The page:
Sorry, but you are wrong. All strains are tears of sarcomeres. In all of the definitions that are meant for laymen they lump strain and sprain together. Muscles can stretch without tearing, if they stretch too far they tear and are defined as strained, a minimal amount of torn fibers are grade 1 strains. Ligaments cannot stretch without intrinsically being damaged, thus the grade 1 sprain that can be a tear or stretching without a tear. You don't have to believe me but that doesn't change the facts.

    Now, some more reading for you in case you still don't believe me.

    "Muscle Damage and the Bodyís Response

    Muscle injuries occur when the force in the muscle is so great that the tissue begins to tear. This can occur within the muscle itself, where the tendon attaches to the bone, or most commonly, at the junction between the muscle and tendon.

    When muscle is initially injured, significant inflammation and swelling occurs. Following the inflammatory phase, muscle begins to heal by regenerating muscle fibers from stem cells that live around the area of injury. However, a significant amount of scar tissue also forms where the muscle was injured. Over time, this scar tissue remodels, but the muscle never fully regenerates. This is thought to make muscle prone to a subsequent injury."

    "Grade 1: Mild damage to individual muscle fibers (less than 5% of fibers) that causes minimal loss of strength and motion. These injuries generally take about 2-3 weeks to improve."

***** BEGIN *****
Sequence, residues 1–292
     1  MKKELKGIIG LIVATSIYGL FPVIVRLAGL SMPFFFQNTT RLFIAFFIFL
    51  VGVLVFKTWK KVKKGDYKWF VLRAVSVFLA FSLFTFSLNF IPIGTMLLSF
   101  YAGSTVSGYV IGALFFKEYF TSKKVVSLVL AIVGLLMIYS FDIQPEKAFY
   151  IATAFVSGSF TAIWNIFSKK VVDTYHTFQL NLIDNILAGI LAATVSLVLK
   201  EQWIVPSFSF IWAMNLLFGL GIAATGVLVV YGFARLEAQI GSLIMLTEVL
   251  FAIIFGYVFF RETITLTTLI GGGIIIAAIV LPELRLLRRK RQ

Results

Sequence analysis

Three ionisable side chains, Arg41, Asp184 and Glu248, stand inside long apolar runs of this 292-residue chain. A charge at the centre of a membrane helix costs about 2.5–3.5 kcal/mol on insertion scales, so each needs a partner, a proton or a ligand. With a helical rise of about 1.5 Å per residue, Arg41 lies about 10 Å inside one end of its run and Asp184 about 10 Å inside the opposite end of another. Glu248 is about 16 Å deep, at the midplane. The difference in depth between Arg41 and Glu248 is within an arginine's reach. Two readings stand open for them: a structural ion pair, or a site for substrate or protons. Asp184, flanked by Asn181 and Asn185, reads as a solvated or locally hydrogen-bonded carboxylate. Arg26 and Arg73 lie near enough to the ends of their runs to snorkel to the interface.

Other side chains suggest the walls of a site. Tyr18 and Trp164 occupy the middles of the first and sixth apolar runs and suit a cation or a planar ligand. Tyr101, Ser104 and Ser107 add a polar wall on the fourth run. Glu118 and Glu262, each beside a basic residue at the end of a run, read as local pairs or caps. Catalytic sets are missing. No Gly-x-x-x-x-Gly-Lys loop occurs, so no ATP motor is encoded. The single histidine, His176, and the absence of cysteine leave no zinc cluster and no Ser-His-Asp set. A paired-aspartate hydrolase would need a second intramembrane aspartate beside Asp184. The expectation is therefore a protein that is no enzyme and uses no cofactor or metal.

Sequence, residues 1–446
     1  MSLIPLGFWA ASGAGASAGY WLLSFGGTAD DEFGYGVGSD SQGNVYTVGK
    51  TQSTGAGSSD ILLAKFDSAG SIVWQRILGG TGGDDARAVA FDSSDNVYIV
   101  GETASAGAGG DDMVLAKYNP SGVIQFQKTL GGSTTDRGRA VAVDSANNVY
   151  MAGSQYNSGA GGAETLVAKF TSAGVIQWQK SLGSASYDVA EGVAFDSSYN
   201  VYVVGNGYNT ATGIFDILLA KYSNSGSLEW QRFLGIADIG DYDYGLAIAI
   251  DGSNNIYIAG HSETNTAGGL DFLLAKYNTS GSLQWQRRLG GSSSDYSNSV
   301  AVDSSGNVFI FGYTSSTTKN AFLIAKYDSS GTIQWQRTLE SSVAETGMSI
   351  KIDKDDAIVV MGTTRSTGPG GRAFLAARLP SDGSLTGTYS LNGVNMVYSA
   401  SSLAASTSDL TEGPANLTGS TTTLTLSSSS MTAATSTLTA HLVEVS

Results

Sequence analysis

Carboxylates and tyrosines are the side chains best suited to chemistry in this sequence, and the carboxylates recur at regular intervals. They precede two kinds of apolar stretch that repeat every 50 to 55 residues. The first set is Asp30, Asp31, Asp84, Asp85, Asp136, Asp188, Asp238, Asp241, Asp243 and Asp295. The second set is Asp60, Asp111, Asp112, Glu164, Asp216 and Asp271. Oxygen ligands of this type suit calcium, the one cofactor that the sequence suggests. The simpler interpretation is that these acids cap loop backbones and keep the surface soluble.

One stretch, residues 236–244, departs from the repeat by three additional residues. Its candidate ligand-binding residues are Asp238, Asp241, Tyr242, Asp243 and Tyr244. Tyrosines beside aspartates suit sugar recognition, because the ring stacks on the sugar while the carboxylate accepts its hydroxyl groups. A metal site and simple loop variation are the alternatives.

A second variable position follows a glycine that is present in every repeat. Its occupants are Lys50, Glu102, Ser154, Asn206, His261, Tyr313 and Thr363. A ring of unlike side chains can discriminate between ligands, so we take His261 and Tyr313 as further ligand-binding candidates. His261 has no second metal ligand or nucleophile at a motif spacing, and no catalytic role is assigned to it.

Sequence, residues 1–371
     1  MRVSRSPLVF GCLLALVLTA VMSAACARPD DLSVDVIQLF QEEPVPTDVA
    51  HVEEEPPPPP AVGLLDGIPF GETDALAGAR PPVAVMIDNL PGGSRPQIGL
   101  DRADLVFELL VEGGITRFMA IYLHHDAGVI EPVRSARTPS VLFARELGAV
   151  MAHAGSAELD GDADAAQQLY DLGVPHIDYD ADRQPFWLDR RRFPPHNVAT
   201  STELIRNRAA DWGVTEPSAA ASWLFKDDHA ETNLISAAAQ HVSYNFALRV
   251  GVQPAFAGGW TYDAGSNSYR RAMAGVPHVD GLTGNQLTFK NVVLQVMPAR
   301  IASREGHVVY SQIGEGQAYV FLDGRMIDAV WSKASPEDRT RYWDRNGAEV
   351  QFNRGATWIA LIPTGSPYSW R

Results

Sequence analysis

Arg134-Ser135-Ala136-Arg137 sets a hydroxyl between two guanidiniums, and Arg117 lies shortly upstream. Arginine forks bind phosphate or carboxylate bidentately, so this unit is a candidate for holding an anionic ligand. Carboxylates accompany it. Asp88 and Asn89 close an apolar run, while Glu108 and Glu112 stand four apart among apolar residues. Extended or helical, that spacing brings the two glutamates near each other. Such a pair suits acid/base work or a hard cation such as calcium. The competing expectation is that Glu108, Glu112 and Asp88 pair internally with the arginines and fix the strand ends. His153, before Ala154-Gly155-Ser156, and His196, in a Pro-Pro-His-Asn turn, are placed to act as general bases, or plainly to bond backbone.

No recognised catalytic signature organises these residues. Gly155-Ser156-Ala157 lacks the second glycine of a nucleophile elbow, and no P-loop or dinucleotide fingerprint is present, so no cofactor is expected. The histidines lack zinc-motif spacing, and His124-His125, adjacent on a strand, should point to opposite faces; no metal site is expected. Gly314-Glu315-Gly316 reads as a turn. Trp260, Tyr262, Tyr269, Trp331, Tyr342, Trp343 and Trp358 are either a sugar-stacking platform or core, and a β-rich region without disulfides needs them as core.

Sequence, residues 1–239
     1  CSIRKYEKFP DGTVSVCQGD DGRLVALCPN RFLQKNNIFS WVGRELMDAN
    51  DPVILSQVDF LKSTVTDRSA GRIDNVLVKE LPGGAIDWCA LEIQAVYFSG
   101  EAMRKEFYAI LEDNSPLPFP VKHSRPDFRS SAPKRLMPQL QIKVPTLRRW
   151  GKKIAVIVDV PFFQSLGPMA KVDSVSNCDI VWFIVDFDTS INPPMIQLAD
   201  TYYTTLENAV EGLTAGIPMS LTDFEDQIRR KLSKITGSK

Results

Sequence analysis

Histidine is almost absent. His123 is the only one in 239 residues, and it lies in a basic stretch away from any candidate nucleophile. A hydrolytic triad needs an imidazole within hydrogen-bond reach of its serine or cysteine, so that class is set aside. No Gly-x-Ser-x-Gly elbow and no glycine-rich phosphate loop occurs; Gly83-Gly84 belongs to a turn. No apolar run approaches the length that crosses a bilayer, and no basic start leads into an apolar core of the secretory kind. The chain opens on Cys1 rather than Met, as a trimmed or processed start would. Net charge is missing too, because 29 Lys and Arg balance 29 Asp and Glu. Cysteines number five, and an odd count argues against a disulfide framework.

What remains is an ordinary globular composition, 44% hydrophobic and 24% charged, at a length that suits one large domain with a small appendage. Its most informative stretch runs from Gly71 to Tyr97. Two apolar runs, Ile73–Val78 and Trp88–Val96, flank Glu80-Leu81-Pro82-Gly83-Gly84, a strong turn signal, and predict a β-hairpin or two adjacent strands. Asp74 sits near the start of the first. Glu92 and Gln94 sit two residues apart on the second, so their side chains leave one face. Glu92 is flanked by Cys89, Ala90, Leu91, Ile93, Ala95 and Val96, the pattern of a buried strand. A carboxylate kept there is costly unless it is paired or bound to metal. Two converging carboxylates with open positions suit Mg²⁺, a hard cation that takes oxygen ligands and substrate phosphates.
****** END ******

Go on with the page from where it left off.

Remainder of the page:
https://www.hss.edu/conditions_muscl...s-overview.asp

  20. #45
    Alright "doc". You win the Internet.

  21. #46
    Quote Originally Posted by P_B_&_G View Post
    Sorry, but you are wrong. All strains are tears of sarcomeres. In all of the definitions that are meant for laymen they lump strain and sprain together. Muscles can stretch without tearing, if they stretch too far they tear and are defined as strained, a minimal amount of torn fibers are grade 1 strains. Ligaments cannot stretch without intrinsically being damaged, thus the grade 1 sprain that can be a tear or stretching without a tear. You don't have to believe me but that doesn't change the facts.

    Now, some more reading for you in case you still don't believe me.

    "Muscle Damage and the Bodyís Response

    Muscle injuries occur when the force in the muscle is so great that the tissue begins to tear. This can occur within the muscle itself, where the tendon attaches to the bone, or most commonly, at the junction between the muscle and tendon.

    When muscle is initially injured, significant inflammation and swelling occurs. Following the inflammatory phase, muscle begins to heal by regenerating muscle fibers from stem cells that live around the area of injury. However, a significant amount of scar tissue also forms where the muscle was injured. Over time, this scar tissue remodels, but the muscle never fully regenerates. This is thought to make muscle prone to a subsequent injury."

    "Grade 1: Mild damage to individual muscle fibers (less than 5% of fibers) that causes minimal loss of strength and motion. These injuries generally take about 2-3 weeks to improve."

    https://www.hss.edu/conditions_muscl...s-overview.asp
    AD will likely be out for several weeks. This is a bad time to get injured due to our schedule. This injury really concerns me because the risk or it recurring is high. Itís unlikely that they could misdiagnose this correct?


    Sent from my iPhone using Tapatalk

  22. #47
    Quote Originally Posted by luckyman View Post
    Alright "doc". You win the Internet.
    Not trying to win anything. i simply responded to this...

    Quote Originally Posted by luckyman View Post
    Uhh no it isn't. Let's get our definitions right first shall we?
    Just attempting to get our definitions straight. So...


  23. #48
    Quote Originally Posted by pelicanchamp View Post